INTERVIEW: Club Paradise



Club Paradise


THE guys of Club Paradise have been speaking with me…


about their new release, Brother, and what its story is. I ask what the scene is like where they are in Newcastle upon Tyne; whether there is more material coming their way; if they are ready for the summer gig trail – they reveal the sort of music they grew up around.

I ask the guys if they get chance to unwind away from music and the advice they’d give artists coming through; which upcoming acts we need to get behind; what their fondest memories from music are – they each choose a track to end the interview with.


Hi, guys. How are you? How has your week been?

Nathan: Hi. We’re tremendous. It’s been such a pleasure seeing how people have reacted and warmed to the single since its release. We’re still over the moon with how the single launch went – so, that set this week up fantastically.

Jackson: Sweaty (to both)

For those new to your music; can you introduce yourselves, please?

We’re Club Paradise; a four-piece Indie-Rock band from Newcastle upon Tyne. I’m Ryan; I sing and play guitar; I’m Jackson I play guitar; I’m Nathan - the dummer; I’m Harry and I play bass!

Brother is your new tune. What is the story behind the song?

Ryan: The song principally is about greed - specifically, the story behind the Martin Shkreli drug price-hike scandal in America. That’s what came naturally and effortlessly when we wrote the song as it was going on at the time. Really, though, it can be applied, metaphorically, in other ways - how do you feel cheated?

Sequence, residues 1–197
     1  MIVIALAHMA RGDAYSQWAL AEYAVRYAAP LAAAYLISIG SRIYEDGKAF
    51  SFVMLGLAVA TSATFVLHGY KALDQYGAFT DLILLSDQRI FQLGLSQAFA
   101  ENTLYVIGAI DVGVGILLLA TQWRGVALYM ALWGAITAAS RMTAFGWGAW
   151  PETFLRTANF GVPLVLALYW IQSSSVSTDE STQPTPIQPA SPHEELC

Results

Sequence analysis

It seems like it is ready for the summer and prepared to get a good tan! Do you have plans to get the song on the road?

We do! Although…we couldn’t possibly spoil the surprise just yet...


You hail from Newcastle upon Tyne. What is the music scene like there? Do you think it gets the attention it deserves?

Nathan: It’s certainly growing, that’s for sure. There’s a sense of unity with the majority of bands up here; everybody understands, for the scene to grow, there needs to be a communal aspect. All the bands and music lovers up here support one another and the crowds understand good music when they hear it. We have a number of very slick venues - and the younger generation is making a big effort to get out in numbers to support local bands.